Revised Advertisement Bill

Media owners may end behind bars for a year

Published On: August 22, 2019 07:50 AM NPT By: Ashok Dahal


KATHMANDU, Aug 22: The Development and Technology Committee of the lower house of parliament endorsed the Advertisement Regulation Bill on Wednesday, proposing up to one year in jail for media owners for advertisement-related offenses. The endorsement comes amid protest from the media fraternity. 

Chairperson of the committee Kalyani Khadka said the committee unanimously endorsed the bill, giving a thumbs up to the provisions on punishment for advertisement offences that were put in by the National Assembly. “The committee has unanimously endorsed the bill without making any changes to the punishment-related provisions,” said Khadka. “I will table the committee’s report in the House soon for endorsement.”

Section 25 (2) of the bill proposes up to one year in jail and up to Rs 10,000 as fine or both for media publishers and owners of broadcast companies if their media is found publishing any ‘offensive’ advertisement. 

According to Section 5 of the bill, the publication or broadcasting of advertisements that include false information or banned content, that affect fair competition in products and services, expose information that is confidential by law, make comparisons between goods, products and services, or fall foul regarding various other issues could land the owner of the offending media in jail.

According to the bill, editors themselves will not face any action for any advertisement published in media.

Similarly, publication of advertisements that infringe a trademark, patent or design owned by another company, discourage domestic products, affect fair elections, defame labor, or incite gender or caste-based discrimination, among other things, have been defined as offences under the law.

The same section has also stated that promoting the use of banned goods or services, goods and services not authorized for sale in Nepal and medicines to be sold only on doctor’s prescription, or promoting vulgarity and taboos,  gambling and unauthorized lotteries are offences liable to a jail term for the media owner, as is posing a threat to peace and security.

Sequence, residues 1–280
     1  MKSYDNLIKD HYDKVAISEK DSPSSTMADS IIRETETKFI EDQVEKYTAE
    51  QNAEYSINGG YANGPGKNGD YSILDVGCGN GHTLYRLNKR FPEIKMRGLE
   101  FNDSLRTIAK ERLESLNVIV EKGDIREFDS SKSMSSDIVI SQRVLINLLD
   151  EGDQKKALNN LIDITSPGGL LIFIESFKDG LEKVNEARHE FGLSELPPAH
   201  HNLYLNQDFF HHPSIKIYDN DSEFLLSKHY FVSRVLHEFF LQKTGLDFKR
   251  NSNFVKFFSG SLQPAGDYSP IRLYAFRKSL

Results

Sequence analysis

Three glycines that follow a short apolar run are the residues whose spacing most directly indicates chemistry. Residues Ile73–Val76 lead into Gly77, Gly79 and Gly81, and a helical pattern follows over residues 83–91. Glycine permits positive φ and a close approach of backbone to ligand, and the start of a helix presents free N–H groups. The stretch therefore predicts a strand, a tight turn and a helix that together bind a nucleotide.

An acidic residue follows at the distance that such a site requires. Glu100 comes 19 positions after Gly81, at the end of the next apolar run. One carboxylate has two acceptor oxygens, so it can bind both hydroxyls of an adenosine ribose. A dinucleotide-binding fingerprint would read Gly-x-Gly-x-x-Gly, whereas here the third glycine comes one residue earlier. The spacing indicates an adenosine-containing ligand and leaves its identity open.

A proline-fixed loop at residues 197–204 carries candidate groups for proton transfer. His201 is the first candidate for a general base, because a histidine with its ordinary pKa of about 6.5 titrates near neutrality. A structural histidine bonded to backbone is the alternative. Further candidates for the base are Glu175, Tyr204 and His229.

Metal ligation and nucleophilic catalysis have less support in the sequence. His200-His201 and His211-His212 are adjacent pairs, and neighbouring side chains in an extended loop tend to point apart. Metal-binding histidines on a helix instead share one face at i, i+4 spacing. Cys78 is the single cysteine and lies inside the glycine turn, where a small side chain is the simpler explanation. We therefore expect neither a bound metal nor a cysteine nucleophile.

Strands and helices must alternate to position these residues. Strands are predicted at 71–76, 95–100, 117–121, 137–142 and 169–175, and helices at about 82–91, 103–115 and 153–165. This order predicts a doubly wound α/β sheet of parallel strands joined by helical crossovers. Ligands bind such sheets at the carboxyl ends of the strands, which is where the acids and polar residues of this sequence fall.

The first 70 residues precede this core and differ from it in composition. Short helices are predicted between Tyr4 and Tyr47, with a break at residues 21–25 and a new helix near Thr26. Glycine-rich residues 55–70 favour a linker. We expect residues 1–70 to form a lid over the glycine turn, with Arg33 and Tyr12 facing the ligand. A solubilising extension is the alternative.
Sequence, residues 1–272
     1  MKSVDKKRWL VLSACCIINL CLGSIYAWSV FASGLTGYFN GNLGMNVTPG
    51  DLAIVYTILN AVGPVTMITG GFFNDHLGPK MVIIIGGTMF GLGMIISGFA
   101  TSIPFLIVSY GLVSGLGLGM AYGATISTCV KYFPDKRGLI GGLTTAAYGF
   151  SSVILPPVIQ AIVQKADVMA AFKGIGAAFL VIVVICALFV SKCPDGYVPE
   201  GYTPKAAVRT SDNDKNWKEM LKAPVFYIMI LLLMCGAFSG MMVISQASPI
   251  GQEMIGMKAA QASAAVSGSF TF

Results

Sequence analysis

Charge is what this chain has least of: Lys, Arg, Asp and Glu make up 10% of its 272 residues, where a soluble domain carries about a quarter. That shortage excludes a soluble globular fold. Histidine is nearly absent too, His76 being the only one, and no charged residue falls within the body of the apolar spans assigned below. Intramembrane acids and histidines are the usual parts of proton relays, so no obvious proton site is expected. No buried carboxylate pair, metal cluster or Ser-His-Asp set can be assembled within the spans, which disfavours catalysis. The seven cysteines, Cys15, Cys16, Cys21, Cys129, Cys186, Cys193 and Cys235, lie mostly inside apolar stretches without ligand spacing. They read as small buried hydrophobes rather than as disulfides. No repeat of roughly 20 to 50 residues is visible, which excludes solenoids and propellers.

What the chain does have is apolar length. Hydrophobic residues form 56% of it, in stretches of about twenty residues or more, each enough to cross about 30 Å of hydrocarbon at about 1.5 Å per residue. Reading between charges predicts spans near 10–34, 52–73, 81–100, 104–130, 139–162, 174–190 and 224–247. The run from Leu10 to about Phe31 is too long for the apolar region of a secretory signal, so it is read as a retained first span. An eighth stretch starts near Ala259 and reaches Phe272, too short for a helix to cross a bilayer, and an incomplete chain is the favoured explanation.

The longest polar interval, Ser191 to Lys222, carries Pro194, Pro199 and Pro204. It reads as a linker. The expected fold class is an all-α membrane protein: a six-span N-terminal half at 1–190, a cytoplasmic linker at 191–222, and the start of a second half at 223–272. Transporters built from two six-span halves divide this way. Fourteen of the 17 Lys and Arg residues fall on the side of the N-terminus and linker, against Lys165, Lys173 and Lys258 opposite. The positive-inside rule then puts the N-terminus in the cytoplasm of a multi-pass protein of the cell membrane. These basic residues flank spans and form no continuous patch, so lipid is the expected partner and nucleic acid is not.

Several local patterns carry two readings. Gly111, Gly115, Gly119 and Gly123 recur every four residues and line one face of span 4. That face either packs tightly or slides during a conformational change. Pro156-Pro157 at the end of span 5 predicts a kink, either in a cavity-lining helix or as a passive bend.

The bill originally registered by the government had proposed up to five years jail and Rs 500,000 in fine or both for publishing such advertisements. The upper house had relaxed the legislation following protests from the media sector and proposed one year jail and Rs 10,000 as fine instead. Lawmakers had registered amendments at the lower house demanding removal of any jail sentence for publishing advertisements.

The upper house may demand a joint meeting of both houses of parliament if it finds the revision by the House of Representatives not acceptable.

According to the bill, broadcasting advertisements on certain issues in other than the hours fixed by the Advertisement Board could result in fines of Rs 100,000 for the broadcasting company.

Similarly, publishing and broadcasting advertisements without the identification or address of the advertisers, advertising via email or SMS without prior consent of the receivers, publishing advertisements without keeping a record of advertisers including their authenticity, names and addresses, could result in a Rs 100,000 fine for the media owners. 

The bill has proposed an Advertisement Board with powers to regulate advertisements, make policy and distribute government advertising to state-owned and private media. 

After revision of the bill by the lower house committee, the much-debated clean feed system will be implemented after a year. Although existing cable operators will get a year’s time to implement clean feed, any cable operators starting their service after implementation of the new law will have to practice clean feed immediately. This policy allows television signal distributors to replace advertisements in foreign television channels with local advertisements, as is the practice in most developed countries. 

Reluctant to implement the new policy, Nepali television signal distributors had pressed the government and parliament not to introduce the new system immediately. The government had earlier proposed that clean feed can be implemented after issuing a notice in the Nepal Gazette.


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